His condition has no fitter emblem than that of death. Similitudes, however, must never be strained so far as to lead into absurdities and contradictions. It would be carrying this allegation too far to make the natural death of the body, and the spiritual death of the soul identical. The body deprived of life is utterly incapable of action, just as if it had never been the tabernacle of that thinking principle we call the soul. But a soul dead in trespasses and sins is not exactly in that state. So far as regards the powers, sensations, and actions of our intellectual nature, it is perfectly alive. Its thoughts are exercised, and its sensibilities engaged, in earthly things with activity and energy. It can soar aloft into the regions of spec. ulative knowledge. It can even avoid, in the exercise of its natural pow. ers, much of moral evil, and practise much of seeming good. All that is exterior even in the offices and duties of religion, comes within its grasp. Nay, its faculties may be employed in the use of those means of grace which are designed to be the instruments of the soul's resurrection from the death of sin to the life of righteousness. It would be a perversion of a Scripture doctrine, not to regard man, at every period of his existence, as a rational creature, or to question his free will. For so God unquestionably regards him.

He is at all times under the obligation of the duties prescribed to him by his Maker. He is subject to the law of God, with all its sanctions; and to him are addressed the promises, expostulations, and invitations of the Gospel. These concessions are necessary to set aside those excuses which human reluctance and indolence are continually presenting for the neg. lect of the soul's salvation, and to maintain the universal accountability of all men for the talents committed to their trust. And yet, in perfect con. sistency with these admissions, it is, neverthless, true, that all unregenerate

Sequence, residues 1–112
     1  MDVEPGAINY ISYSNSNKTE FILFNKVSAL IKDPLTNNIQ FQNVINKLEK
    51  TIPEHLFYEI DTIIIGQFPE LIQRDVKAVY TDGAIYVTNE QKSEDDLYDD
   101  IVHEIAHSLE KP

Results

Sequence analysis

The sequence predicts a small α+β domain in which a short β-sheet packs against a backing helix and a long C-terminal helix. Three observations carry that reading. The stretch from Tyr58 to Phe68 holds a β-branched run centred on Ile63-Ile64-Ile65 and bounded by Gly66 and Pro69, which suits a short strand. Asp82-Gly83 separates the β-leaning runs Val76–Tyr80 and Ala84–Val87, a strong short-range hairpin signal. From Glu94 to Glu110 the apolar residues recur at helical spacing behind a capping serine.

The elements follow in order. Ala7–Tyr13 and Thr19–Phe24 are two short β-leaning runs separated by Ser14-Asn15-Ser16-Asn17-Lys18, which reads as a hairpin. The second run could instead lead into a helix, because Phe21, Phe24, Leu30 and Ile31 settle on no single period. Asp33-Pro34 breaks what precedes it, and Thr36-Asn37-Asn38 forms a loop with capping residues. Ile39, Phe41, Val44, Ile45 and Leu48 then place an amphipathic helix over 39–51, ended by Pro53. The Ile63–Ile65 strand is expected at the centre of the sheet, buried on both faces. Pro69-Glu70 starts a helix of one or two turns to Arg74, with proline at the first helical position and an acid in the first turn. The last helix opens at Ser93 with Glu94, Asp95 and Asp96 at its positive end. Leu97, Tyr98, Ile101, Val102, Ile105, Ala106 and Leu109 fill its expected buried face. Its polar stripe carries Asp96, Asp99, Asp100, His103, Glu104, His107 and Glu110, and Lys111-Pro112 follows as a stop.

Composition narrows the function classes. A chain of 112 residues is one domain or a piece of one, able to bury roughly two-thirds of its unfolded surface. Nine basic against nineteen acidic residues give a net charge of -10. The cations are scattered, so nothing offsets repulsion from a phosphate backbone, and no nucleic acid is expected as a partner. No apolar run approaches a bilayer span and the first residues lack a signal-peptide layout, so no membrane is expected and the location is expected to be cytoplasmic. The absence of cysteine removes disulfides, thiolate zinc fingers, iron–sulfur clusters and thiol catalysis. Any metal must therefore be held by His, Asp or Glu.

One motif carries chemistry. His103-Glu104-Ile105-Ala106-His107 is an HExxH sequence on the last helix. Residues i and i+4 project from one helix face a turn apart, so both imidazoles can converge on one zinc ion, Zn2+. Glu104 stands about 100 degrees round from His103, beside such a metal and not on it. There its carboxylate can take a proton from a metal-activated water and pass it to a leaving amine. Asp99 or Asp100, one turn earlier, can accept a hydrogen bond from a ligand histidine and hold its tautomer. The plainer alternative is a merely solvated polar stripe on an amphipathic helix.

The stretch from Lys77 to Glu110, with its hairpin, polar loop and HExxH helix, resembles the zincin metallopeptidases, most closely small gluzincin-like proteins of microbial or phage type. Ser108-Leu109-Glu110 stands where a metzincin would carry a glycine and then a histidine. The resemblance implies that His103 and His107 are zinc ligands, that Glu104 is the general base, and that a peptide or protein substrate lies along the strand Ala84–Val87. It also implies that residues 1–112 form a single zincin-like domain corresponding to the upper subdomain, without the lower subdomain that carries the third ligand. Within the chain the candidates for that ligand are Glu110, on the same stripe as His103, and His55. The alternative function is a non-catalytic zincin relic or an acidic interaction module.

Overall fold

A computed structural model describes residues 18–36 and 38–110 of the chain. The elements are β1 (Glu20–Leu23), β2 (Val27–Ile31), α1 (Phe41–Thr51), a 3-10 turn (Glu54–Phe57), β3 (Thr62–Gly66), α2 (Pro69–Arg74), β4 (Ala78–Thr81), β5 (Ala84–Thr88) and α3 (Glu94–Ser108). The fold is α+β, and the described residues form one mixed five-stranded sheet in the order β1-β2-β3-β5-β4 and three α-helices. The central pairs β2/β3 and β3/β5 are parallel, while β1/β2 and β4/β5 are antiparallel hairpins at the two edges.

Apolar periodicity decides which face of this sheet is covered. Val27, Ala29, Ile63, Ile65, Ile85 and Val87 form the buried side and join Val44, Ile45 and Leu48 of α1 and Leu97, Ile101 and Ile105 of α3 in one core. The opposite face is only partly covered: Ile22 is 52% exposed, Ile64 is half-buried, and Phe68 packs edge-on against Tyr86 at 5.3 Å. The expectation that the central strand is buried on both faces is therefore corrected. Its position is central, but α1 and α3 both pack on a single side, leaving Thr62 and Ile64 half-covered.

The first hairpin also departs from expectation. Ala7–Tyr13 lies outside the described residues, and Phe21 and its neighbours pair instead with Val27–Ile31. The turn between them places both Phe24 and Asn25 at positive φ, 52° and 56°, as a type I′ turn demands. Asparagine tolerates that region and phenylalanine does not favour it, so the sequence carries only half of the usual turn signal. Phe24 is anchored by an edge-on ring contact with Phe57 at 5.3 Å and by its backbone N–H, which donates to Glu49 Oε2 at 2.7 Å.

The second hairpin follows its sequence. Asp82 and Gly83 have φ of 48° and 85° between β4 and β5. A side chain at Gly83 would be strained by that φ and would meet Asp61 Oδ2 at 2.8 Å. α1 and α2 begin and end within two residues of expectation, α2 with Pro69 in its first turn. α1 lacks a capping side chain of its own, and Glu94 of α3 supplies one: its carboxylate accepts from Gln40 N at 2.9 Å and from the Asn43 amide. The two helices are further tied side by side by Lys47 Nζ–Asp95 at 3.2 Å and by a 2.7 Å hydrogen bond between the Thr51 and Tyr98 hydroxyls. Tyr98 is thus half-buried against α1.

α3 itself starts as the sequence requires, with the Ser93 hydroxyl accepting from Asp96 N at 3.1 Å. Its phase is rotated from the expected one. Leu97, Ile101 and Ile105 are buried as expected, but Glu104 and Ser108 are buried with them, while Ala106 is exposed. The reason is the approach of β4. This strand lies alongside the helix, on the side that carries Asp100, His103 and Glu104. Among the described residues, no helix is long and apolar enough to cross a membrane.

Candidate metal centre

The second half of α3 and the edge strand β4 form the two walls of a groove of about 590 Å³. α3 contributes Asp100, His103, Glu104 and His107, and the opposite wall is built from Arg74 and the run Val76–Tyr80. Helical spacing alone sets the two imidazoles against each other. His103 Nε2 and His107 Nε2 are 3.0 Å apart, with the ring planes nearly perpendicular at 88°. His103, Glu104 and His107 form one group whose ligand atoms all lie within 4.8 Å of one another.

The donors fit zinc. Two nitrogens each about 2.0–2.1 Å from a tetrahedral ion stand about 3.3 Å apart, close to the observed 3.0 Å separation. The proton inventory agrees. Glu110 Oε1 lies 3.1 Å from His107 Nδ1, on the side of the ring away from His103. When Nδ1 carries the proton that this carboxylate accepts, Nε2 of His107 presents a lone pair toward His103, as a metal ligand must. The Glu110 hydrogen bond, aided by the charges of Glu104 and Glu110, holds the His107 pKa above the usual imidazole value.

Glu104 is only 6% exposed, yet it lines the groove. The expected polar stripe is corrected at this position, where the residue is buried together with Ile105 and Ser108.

are considered in God's word, as “dead in trespasses and sins.” “ Sin hath entered into the world, and death by sin, and so death, (spiritual as well as natural,) hath passed upon all men in that all have sinned.” survey of the world be taken with that purified vision which the sacred Scriptures and the Holy Spirit supply, and its fallen inhabitants present the aspect of such a valley of dry bones as was spread before the eyes of the prophet of the Lord.

The scene presented is one wide carnival of death, over every region of the habitable globe, in every place of man's dwelling, from the cheerless hovel of poverty to the splendid mansion of luxury and wealth, and over every intellectual variety of our species, from him who scarcely seems raised in mental endowments above the beasts that perish, to him whose understanding has mastered all the heights of human science. One spiritual condition is the heritage of our race. " There is none that

men

Let a